Fortissimo specialised in the Asia-Pacific region and was increasingly run out of Hong Kong.

The company's library has over 300 titles, including Scorsese's Shine a Light, Wong Kar Wai.s Chungking Express, Morgan Spurlock.s Super Size Me, Sydney Pollack.s Sketches Of Frank Gehry,.Andrew Jarecki.s Capturing The Friedmans and the film that made a star of Jennifer Lawrence, Debra Granik's Winter's Bone.

Australian titles include Sue Brooks' Looking for Grace and Leon Ford's Griff the Invisible.
See full article at IF.com.au »

Sales Agent Fortissimo Films to Close on Quiet Note

Sales Agent Fortissimo Films to Close on Quiet Note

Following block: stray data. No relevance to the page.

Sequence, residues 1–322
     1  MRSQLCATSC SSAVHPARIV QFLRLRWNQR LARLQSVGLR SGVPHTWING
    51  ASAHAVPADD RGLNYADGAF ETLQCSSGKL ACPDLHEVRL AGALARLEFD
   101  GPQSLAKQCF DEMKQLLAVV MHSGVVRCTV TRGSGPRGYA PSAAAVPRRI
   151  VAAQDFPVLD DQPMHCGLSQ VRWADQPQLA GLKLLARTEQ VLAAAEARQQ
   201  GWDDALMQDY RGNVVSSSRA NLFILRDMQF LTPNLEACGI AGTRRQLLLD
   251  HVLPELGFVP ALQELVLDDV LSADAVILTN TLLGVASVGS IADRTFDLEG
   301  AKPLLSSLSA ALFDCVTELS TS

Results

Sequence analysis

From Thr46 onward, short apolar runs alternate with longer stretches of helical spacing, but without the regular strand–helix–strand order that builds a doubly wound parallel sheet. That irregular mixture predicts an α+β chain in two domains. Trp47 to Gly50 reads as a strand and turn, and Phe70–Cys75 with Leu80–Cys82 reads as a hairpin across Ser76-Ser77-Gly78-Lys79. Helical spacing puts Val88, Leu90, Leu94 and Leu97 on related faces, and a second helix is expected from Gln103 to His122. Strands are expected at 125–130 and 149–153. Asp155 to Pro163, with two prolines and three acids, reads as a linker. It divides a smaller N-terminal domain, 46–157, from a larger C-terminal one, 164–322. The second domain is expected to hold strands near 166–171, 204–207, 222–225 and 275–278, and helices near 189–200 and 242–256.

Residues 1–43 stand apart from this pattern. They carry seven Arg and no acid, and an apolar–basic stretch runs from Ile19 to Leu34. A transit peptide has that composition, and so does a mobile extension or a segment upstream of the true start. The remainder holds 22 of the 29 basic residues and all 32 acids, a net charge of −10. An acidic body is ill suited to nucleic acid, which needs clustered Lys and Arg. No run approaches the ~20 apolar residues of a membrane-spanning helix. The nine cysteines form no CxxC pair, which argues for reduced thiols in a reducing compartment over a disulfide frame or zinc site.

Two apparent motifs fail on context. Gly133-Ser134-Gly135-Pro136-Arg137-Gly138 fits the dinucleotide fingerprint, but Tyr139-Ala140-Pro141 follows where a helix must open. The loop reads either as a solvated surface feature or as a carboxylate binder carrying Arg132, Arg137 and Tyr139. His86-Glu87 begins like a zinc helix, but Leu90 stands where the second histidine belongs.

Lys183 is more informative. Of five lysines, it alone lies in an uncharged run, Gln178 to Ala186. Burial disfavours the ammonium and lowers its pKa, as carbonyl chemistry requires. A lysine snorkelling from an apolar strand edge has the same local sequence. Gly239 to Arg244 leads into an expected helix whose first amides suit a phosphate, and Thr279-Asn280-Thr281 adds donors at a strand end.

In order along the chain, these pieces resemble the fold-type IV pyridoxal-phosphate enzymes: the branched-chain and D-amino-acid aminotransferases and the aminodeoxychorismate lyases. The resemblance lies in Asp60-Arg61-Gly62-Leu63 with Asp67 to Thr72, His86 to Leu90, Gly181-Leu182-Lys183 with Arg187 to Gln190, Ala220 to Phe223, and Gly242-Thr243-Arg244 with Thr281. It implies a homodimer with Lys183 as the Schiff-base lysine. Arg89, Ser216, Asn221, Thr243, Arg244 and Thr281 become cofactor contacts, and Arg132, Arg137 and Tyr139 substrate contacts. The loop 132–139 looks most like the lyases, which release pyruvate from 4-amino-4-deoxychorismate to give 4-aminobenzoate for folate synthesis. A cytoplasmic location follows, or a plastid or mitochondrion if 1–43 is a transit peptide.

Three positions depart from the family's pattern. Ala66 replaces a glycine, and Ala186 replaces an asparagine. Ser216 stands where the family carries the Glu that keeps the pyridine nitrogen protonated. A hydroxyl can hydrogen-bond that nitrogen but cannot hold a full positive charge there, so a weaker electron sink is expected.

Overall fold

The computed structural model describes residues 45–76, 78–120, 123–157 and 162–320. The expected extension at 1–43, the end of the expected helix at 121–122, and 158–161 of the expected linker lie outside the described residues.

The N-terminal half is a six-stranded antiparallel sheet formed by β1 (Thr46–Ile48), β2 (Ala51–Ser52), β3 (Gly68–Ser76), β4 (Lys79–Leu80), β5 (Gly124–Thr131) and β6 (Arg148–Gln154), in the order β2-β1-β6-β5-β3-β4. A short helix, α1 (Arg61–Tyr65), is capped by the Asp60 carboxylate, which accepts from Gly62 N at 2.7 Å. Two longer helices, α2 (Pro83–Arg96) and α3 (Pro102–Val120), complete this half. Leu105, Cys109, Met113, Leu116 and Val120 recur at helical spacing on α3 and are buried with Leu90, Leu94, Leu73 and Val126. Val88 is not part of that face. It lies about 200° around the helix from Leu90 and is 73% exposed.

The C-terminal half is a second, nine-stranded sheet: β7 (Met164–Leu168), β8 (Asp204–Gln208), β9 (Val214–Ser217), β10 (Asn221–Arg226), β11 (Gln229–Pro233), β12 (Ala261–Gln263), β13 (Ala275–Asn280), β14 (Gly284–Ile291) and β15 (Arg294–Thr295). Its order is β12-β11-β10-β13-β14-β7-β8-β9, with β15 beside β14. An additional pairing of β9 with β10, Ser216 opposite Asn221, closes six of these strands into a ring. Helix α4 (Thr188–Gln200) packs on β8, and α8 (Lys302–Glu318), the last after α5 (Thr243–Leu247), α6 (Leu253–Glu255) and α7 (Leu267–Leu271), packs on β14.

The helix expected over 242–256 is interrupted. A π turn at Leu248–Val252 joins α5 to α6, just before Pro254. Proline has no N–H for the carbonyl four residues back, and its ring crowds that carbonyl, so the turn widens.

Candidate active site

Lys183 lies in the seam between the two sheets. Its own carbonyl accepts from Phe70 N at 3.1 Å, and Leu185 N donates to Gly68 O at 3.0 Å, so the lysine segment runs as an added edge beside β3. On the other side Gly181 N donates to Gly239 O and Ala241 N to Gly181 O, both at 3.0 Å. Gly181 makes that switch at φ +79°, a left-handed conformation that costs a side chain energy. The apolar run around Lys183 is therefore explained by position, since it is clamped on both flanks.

Hong Kong- and Amsterdam-based sales agent Fortissimo Films is to close its doors after more than 20 years as a pioneer of Asian and art-house cinema.

The company filed for voluntary bankruptcy Tuesday in The Netherlands. The filing was accepted by the court and notification posted. Separate filings need to be made for individual subsidiaries.

The court has appointed an administrator, known as a ‘curator’ according to the Dutch system. The curator will decide the next moves. These could range from a refinancing, to the sale of the company to a third party, or its breakup.

Staff have been informed of the situation by the existing management. The curator is expected to meet with the Amsterdam-based employees this week.

Fortissimo has represented titles by auteurs including Wong Kar-wai, Jim Jarmusch, Peter Greenaway, Tsai Ming-liang, Hal Hartley, Kiyoshi Kurosawa, Brillante Mendoza, Tsui Hark and Pen-ek Ratanaruang. Its catalog spans some 300 titles.